From photos I’d seen from the Burton hut and from the google satellite view, I was looking to enter at small boulder field which I hoped would provide an easier descent than seyboyle had described in his report. Miraculously I found it very quickly, and though the rocks were a bit loose it was much better than bush and deadfall. The boulder field soon ended, but from the bottom I could see another one off to my right, so headed over to that and continued down. Again that one ended, and again there was another, this time on my left. By the time I had gotten to the bottom of that boulder field, I was almost at 1600m, with 100m left to descend. Initially the forest was steep and open, and I descended very quickly. Near the bottom there was plenty of deadfall, and I avoided the worst of it by traversing to my right a bit.
Google Earth view of my route down to the Burton Hut
At 4:30PM I reached the hut, where I planned on staying the night. This was about 80min after leaving Gentian Lake. A friendly couple was there when I arrived, having paddled over in pack rafts. They offered beer, pretzels, tea and a ferry over the creek the next morning. Thanks! I ended up pitching my tent beside the hut, since it was way too hot inside. Just before heading to bed, two hikers arrived who were also circumnavigating the lake.
I left the hut at 7AM and began climbing to the Guard-Deception col. I stayed high and west, following a ramp below Guard that paralleled the glacier, until it joined the glacier bowl at around 1800m. I crossed a couple small, low-angle snow patches above the glacier and gained the ridge at 8:50AM and around 2000m, about 40m above the col. The last section below the ridge was unpleasant steep and unstable rock/dirt, but other than this last section, the route was much easier than expected.
Route to the Guard-Deception col
I dropped to the col, stashed some gear, and headed up to Deception Peak, which was an easy scramble. I reached the top of one of the Deception spires, with fantastic views of Garibaldi. I’m not sure if this was the true summit or not. There was another spire 20m or so to the East which appeared to be the same height. I didn't get a good photo of it. It looked like an unpleasant scramble on poor rock, so I didn’t attempt it.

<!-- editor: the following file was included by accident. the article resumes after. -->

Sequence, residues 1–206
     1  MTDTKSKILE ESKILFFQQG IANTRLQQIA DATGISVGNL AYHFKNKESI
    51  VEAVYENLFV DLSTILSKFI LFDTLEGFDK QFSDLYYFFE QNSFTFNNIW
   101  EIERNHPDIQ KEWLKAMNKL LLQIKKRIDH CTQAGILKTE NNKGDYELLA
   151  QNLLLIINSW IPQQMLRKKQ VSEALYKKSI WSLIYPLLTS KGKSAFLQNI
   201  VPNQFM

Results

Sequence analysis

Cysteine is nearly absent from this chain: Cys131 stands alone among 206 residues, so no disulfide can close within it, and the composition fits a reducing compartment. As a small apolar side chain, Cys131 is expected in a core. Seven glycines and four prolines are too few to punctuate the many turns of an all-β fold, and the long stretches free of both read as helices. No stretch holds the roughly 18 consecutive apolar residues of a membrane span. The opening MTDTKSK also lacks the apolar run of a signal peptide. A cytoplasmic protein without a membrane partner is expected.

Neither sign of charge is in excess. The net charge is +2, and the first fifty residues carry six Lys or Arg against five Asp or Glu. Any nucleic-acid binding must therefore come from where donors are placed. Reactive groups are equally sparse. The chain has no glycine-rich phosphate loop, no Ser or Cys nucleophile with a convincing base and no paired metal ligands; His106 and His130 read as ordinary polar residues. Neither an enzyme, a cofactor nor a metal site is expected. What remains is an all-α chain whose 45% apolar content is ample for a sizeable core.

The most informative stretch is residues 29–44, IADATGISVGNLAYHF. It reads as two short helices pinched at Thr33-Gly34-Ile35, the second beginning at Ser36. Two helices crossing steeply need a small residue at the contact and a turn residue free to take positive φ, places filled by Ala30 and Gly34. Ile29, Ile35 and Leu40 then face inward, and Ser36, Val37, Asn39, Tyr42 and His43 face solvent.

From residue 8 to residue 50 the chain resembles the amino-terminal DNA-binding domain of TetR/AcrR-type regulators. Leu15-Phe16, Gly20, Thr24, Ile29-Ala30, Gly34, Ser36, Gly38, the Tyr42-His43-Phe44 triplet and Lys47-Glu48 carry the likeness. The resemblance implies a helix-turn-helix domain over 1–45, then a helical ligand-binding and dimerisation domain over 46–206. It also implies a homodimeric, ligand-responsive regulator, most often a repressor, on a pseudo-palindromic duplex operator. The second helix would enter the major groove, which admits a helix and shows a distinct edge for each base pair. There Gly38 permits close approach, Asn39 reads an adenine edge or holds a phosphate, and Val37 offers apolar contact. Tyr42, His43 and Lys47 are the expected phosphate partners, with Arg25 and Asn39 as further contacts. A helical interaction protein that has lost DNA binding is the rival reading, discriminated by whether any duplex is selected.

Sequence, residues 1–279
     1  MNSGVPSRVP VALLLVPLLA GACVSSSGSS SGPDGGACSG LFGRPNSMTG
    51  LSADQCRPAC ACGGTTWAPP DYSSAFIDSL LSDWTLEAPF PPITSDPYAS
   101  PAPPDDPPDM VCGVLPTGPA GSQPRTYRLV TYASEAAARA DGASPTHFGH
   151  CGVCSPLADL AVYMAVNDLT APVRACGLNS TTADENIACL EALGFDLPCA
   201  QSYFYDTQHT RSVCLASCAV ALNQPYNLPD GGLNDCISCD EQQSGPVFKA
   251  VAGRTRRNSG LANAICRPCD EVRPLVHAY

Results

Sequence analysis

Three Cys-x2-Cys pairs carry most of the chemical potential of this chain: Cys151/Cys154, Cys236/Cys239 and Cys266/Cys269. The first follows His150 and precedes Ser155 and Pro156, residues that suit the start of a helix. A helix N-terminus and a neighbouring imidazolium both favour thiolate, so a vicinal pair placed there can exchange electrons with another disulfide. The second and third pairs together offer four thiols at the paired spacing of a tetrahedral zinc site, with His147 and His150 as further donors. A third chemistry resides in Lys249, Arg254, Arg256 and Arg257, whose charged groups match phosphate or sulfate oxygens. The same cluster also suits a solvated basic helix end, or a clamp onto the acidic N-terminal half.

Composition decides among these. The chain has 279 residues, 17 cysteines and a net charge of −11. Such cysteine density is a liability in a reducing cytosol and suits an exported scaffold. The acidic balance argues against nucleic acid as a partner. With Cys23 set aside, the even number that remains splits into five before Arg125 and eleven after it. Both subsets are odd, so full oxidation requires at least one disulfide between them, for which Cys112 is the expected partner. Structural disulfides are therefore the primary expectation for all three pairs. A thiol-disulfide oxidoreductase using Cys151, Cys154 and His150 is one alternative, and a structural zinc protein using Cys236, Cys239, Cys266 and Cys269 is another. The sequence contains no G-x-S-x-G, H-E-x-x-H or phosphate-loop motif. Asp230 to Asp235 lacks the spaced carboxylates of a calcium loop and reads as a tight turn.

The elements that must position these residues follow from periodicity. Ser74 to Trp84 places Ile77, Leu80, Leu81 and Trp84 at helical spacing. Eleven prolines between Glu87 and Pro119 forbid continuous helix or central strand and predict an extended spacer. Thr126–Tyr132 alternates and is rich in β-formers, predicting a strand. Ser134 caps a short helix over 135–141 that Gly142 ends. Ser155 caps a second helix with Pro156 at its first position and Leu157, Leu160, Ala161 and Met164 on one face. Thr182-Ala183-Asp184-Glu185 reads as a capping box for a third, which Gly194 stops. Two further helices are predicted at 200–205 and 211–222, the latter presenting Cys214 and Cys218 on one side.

Fantastic view of Garibaldi from Deception Peak
I retrieved my gear from the col and descended easily to the Sentinel Bay huts, which I reached at 11:30AM. I signed the logbook and took a short nap. When I awoke, Alexcanuck was arriving. Alex tells me about a secret beach with rock-furniture, then heads off to collect some glacial ice so he can preserve his fish. I head out, on the way meeting the couple from the Burton hut again, who had paddled over to check out the huts. I headed towards Garibaldi lake a short distance, then begin climbing a steep slope towards the meadows North of Table SE1. This slope was pretty steep but I didn't have much difficulty. Heading directly South from the huts looked a bit less steep, although longer and looser scree.
I reached the meadows North of Table SE1 at 2PM and contemplated camping there and doing a couple more side trips - the West Pike and Table SE1. Eventually my craving for fast food won and I decide to make the push back to my vehicle. I followed the ridge Northwest, climbing towards the East side of the Table. I reach the high point of the ridge directly East of the table, then boot-skied some scree towards Table Meadows.
I wandered through pleasant meadows and forest until reaching an interesting feature at the base of Mount Price. It is a small elongated depression with a flat grassy bottom, leading directly to Price’s South slopes. Here I met a party of four resting in the grass. They had just descended from Price and were on were intending to camp in the meadows and head to their vehicle on Brohm Ridge. They provided me with some helpful route info for the climb to Price.
At 4:50PM I reach the crater of Mount Price, sweaty and exhausted after steaming up lava-talus, then steep dirt, then large lava-boulders in the hot sun. I had climbed directly towards Mount Price, always staying on climber’s right of the burnt timber. I reach the summit of Price, elated to have finished all the uphill for the trip, and having completed five Matt Gunn scrambles. From here on I’m on established trail. I power walk the rest of way, hardly stopping and passing countless hikers once I pass the crowded campsite, reaching my vehicle at 18:50. I chugged the coke I had left, which was fantastic but I should have brought chips and a beer.
Distance: 79km (31.5-17.5-30 days 1-2-3)
Elevation Gain: 5700m (2650-1450-1600 days 1-2-3)
Google Earth view of my route. Day 1 in blue, day 2 in red, day 3 in pink.
Absolutely phenomenal trip.